Tips for Overcoming the Most Common Investment Errors

By: Chad Hamilton, CFP

Traditional economics assumes we act rationally when making financial decisions, and we always act in alignment with our own economic self-interest. According to economic theory, we think as clearly as Albert Einstein and exercise the willpower of Mahatma Gandhi. 

In reality, however, we are often guided much more by emotions than by rational decision-making. An example of emotion over logic is the challenge of losing weight. As many of us have experienced, it’s often much more difficult than simply applying the mathematics of calories in versus calories out.

Behavioral finance is a relatively new field within financial planning that applies knowledge about human behavior to the investment world. It provides a better framework for understanding how we make financial decisions and our reasons for doing so.

Behavioral finance has identified several types of investment errors that are both irrational and predictable. Here are three of the most common errors along with tips for avoiding them.

1)    Recency Bias:

We tend to overemphasize recent events when making decisions. For example, people tend to like stocks after the market has had a strong upward trend and dislike them after a downturn. This often leads to “buying high and selling low,” which is contrary to the mantra for successful investing.

Given this tendency, it is best to avoid overly scrutinizing your investment portfolio or watching the news headlines too closely. If you look at your portfolio daily, you will see a loss 46.7% of the time. If, instead, you look at it yearly, you only see losses 27.6% of the time. 

Evidence shows that the more frequently we look at our portfolios, the more likely we are to trade. The more we trade, the more likely we are to destroy value.

2)    Loss Aversion:

Most of us tend to strongly prefer avoiding losses over acquiring gains. Studies have shown losses to be twice as psychologically powerful as gains.

In order to overcome loss aversion, you must first understand that risk does not equal market volatility. Risk is the chance that you will not achieve your goals. You can eliminate volatility and avoid losses by putting all of your money in cash, but that is actually a very risky strategy. Earning a 0% return in a bank account means you will not be able to keep up with inflation and virtually guarantees that you will outlive your assets.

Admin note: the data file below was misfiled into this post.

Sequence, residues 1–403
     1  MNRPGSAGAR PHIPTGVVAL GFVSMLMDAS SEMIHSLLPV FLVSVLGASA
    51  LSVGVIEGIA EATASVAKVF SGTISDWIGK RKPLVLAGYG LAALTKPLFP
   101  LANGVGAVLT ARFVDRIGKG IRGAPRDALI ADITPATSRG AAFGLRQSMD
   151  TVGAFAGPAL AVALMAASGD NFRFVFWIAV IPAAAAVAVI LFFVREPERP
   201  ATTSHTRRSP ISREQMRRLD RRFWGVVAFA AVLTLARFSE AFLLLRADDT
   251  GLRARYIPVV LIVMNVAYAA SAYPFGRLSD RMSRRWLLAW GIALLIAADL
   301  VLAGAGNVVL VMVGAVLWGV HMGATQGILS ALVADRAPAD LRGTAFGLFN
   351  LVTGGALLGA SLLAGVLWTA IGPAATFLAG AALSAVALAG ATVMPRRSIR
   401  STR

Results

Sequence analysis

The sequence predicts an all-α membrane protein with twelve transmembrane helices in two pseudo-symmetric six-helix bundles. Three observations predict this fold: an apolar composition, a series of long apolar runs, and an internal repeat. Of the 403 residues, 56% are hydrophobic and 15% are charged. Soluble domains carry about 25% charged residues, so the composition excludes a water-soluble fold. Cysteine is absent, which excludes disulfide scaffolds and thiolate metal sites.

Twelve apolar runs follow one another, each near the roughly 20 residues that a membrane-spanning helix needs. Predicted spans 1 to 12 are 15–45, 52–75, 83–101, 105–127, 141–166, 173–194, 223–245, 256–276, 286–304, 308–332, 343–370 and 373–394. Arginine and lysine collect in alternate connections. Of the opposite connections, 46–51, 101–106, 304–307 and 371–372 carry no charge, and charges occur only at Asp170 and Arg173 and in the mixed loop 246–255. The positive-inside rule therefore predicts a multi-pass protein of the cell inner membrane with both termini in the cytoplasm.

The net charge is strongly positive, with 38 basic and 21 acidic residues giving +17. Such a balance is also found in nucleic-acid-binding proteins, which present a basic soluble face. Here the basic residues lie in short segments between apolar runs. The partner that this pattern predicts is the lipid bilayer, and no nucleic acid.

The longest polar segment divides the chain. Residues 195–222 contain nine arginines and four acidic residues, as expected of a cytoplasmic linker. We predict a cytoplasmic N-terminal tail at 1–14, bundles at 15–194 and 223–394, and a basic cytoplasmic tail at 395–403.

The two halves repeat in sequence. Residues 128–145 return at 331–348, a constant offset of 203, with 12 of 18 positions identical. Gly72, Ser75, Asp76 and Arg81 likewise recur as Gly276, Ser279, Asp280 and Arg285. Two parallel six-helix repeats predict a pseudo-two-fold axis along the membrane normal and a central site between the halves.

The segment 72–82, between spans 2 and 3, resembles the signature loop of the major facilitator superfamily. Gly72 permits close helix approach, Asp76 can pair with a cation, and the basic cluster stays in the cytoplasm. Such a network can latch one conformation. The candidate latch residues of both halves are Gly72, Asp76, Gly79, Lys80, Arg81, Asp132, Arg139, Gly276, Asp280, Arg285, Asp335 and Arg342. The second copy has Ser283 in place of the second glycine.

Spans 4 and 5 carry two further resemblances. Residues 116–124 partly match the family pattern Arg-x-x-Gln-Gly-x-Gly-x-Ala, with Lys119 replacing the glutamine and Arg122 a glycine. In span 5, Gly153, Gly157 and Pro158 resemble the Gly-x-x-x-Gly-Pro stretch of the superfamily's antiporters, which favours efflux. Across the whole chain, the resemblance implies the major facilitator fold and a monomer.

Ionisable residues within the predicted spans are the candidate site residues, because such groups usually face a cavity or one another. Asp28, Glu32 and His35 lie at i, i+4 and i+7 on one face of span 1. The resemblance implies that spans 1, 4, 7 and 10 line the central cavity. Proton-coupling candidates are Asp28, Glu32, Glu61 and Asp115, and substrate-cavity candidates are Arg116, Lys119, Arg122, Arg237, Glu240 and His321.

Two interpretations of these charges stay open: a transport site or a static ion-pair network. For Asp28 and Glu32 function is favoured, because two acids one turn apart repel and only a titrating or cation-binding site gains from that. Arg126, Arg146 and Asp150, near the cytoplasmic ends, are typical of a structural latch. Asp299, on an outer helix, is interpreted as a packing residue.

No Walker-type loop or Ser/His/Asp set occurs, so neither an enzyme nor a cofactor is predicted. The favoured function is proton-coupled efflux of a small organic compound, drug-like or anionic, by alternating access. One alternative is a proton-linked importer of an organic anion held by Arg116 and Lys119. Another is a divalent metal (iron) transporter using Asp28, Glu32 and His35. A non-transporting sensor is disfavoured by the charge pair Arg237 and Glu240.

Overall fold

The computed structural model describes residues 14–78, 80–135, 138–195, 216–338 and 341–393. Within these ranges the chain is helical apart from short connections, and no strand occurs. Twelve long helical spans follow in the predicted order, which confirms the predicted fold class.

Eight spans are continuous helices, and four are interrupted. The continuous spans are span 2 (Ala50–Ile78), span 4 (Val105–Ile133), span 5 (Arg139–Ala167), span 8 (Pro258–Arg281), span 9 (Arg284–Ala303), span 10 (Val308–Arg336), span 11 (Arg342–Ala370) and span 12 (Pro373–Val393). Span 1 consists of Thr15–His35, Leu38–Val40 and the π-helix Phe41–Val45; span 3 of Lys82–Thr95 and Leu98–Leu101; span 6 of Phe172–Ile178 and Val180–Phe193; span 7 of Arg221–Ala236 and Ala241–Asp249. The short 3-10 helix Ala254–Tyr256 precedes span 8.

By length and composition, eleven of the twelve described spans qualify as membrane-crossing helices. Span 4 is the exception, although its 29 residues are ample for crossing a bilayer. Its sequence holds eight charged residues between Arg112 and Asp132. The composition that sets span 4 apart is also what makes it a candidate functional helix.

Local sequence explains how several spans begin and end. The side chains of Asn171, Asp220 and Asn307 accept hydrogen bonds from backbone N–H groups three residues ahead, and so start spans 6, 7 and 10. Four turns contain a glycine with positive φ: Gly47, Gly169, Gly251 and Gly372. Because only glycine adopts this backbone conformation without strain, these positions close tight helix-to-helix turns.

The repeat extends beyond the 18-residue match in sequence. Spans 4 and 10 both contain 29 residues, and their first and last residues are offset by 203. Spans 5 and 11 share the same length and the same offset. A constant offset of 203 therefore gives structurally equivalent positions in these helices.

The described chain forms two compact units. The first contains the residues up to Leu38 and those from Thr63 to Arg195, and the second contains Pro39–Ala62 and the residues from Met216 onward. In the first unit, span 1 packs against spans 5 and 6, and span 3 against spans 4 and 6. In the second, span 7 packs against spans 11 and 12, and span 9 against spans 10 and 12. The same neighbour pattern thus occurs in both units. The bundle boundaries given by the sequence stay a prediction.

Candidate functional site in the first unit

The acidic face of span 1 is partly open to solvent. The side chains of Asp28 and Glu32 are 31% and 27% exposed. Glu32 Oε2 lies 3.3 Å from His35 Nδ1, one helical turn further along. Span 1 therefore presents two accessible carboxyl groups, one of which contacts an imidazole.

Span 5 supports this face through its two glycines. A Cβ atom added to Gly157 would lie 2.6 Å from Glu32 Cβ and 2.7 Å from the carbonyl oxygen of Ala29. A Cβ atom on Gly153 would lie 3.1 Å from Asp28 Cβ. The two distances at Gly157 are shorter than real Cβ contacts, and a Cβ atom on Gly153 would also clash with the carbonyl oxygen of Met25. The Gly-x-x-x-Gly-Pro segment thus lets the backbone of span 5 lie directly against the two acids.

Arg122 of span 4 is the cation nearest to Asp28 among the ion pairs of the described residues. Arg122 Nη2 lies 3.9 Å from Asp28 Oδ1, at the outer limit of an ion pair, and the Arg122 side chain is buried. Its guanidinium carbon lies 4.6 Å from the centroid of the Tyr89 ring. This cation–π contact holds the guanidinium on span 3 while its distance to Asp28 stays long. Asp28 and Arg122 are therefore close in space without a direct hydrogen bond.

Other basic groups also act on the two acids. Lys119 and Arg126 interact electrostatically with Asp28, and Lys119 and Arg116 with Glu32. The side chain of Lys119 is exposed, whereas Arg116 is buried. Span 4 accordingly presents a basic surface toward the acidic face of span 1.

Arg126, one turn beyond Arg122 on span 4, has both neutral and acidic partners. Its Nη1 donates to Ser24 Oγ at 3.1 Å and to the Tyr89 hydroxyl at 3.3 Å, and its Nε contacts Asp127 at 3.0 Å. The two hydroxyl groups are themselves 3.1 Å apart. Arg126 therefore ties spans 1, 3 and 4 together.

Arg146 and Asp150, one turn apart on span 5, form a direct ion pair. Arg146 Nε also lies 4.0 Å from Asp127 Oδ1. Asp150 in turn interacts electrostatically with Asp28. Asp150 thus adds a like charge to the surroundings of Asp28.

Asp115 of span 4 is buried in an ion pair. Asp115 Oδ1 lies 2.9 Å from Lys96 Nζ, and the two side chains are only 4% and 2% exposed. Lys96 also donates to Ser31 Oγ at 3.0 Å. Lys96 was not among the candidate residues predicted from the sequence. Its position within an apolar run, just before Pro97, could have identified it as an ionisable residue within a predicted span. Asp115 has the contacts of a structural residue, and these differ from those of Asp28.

The reason that stocks outperform most other types of investments is because they are scary! The reason you receive a premium for investing in stocks as compared to other assets is that you can lose money. If stock market investing meant a smooth upward trajectory, all money would be in stocks and there would no longer be an excess financial return for doing so.

3)    Herd Behavior:

We have a natural tendency to mimic the actions of a larger group. We typically prefer being wrong as part of a collective to being wrong by ourselves. This poses a real challenge for investing because the best investors are contrarian.

Warren Buffet has said of his investment philosophy, “We simply attempt to be fearful when others are greedy and to be greedy only when others are fearful.”He is, of course, describing the exact opposite of herd behavior. You can see why this is true by considering the emotional cycle of investing as depicted in the following chart.

When the news reports are reporting the worst point decline in history and that worse news is ahead, that is actually a better time to invest than when are the headlines are rosy and the market is reaching new highs. 

The Need for Context

Given all of this, there can still be a tendency to then want to guess where we are in a particular market cycle, but that is only ever apparent in hindsight. Instead, the single most important thing you can do is have a plan.

Without a comprehensive financial plan, there is a lack of context to help you understand the consequences of market volatility. You are likely to be more susceptible to reactive, emotional decision-making when it is unclear how a loss in your portfolio value will impact your long-term financial situation.

Having a plan, on the other hand, provides a more meaningful backdrop to market volatility. With a plan, you know how changes in your account value may alter your ability to reach your goals. You may not be able to control fluctuations in the market, but you can make adjustments to your cash flow, goals or asset allocation that can positively impact your financial situation.

Let’s make a plan! Give us a call today to get started or update yours at (540) 345-3891.  

 

Financial Planning & Investment Advisory services offered through Beacon Wealth Consultants, Inc.